There’s good and bad when a team goes out and grabs a lot of high-priced free agent talent. The good is obvious–you get a lot of high-priced talent. But the bad is that it can sometimes cost you draft picks or possible trades. Kansas City Chiefs LT Branden Albert is looking for a fat payday, and the Miami Dolphins‘ deep pockets suddenly are turning up lint, if you listen to some.
Without giving up some money already allocated on the roster, or giving the Chiefs some prized draft picks, the chances of Albert becoming a Dolphin are getting slimmer by the day.
There are reports flying around from different insiders regarding the Dolphins’ potential trade for Albert.
Yahoo Sports‘ Jason Cole stated that Miami was unwilling to meet Albert’s contract demands, which fall between between $8.5 and $9 million a year. However, NFL Network’s Ian Rapoport then shot that report full of holes, saying the Dolphins will come to terms with Albert on a contract, but will only give Kansas City the 54th overall pick. The Chiefs are asking for the 42nd pick.
Last night, ESPN’s Chris Mortensen said that Albert’s demands have “turned off” the Dolphins, and that the two sides have had “little or no communication for almost 2 weeks.” Then we have Mortensen’s co-worker, John Clayton, saying that the Chiefs are trying to “play it coy right now”, presumably so as not to tip their hand on their intention of drafting LT Luke Joeckel. (Not for nothing, but wasn’t that hand pretty much tipped already?)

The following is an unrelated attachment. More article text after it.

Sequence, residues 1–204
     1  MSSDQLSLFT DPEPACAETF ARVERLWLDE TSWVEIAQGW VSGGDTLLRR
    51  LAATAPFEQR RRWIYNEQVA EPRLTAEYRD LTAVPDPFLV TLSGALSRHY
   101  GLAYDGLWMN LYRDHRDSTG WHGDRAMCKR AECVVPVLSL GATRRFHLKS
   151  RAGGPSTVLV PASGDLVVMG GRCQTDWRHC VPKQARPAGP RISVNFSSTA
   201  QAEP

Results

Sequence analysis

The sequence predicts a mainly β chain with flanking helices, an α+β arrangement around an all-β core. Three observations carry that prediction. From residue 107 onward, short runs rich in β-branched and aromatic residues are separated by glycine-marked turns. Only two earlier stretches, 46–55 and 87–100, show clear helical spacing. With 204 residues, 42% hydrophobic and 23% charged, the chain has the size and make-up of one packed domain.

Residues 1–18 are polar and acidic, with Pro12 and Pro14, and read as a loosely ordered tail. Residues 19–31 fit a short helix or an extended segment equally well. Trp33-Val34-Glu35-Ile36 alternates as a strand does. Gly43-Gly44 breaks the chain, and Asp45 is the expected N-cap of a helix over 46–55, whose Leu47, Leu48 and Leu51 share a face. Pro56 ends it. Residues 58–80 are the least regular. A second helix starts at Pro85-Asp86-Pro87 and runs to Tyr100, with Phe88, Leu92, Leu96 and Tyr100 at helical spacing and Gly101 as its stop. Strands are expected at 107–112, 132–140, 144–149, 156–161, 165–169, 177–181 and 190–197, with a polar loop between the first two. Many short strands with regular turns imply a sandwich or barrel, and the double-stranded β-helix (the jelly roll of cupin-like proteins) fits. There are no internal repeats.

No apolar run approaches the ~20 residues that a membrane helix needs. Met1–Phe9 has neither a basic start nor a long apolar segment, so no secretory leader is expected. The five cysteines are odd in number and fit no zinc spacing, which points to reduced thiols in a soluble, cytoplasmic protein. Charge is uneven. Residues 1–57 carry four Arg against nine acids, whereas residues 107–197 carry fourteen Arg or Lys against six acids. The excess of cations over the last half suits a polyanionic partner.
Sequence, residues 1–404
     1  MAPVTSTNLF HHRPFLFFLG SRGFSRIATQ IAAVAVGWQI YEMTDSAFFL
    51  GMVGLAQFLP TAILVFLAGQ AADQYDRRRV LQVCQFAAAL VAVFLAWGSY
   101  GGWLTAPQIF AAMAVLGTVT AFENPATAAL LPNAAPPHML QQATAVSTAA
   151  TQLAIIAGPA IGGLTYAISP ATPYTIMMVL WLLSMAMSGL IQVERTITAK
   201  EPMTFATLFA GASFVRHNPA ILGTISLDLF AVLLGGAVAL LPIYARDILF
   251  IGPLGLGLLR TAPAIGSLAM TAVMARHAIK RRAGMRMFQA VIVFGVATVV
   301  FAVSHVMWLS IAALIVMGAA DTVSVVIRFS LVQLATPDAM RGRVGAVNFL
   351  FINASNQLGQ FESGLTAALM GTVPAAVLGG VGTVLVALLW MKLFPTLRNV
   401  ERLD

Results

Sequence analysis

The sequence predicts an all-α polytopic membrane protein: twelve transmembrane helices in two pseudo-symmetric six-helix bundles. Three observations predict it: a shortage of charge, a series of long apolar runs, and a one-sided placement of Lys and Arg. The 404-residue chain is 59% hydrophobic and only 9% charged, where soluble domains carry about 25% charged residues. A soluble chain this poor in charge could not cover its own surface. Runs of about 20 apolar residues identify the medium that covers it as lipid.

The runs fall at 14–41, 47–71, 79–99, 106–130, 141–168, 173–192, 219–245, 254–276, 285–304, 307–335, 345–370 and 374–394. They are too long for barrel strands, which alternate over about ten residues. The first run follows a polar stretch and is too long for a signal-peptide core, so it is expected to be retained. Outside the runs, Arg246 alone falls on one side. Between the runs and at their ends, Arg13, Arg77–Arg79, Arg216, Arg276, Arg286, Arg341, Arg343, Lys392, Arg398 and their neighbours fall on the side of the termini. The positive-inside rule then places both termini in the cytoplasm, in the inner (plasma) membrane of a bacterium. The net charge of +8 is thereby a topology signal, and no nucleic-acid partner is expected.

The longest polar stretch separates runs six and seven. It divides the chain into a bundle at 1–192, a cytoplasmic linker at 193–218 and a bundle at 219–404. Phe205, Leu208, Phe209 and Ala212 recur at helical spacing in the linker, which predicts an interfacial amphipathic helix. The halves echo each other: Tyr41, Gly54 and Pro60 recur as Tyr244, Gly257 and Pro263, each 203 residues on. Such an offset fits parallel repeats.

Clayton finished by saying the two teams are expected to complete the trade “right before or during” the first round of the 2013 NFL Draft. “In the end, you know that’s going to happen,” Clayton said.
Given all the contradicting reports from all these supposed experts and insiders, how can we know what’s going to happen? The Dolphins have 11 draft picks, and giving up the 42nd overall pick isn’t going to break the bank if what they want is an experienced tackle to play opposite Jonathan Martin. But if a rookie will get the job done, and Miami isn’t as concerned with experience at LT, then there’s absolutely no reason for them to pull the trigger on this deal and commit to that type of money.
The Dolphins have the 12th overall selection Thursday, as well as five of the first 82 selections, which is the most in the NFL. I can’t see this deal being of such dire importance to the Dolphins. The Arizona Cardinals and other teams have already expressed interest in Albert, so the Dolphins would be doing themselves a favor to let others engage in a bidding war for his services, and find themselves a strong, young long-term solution at left tackle in the draft.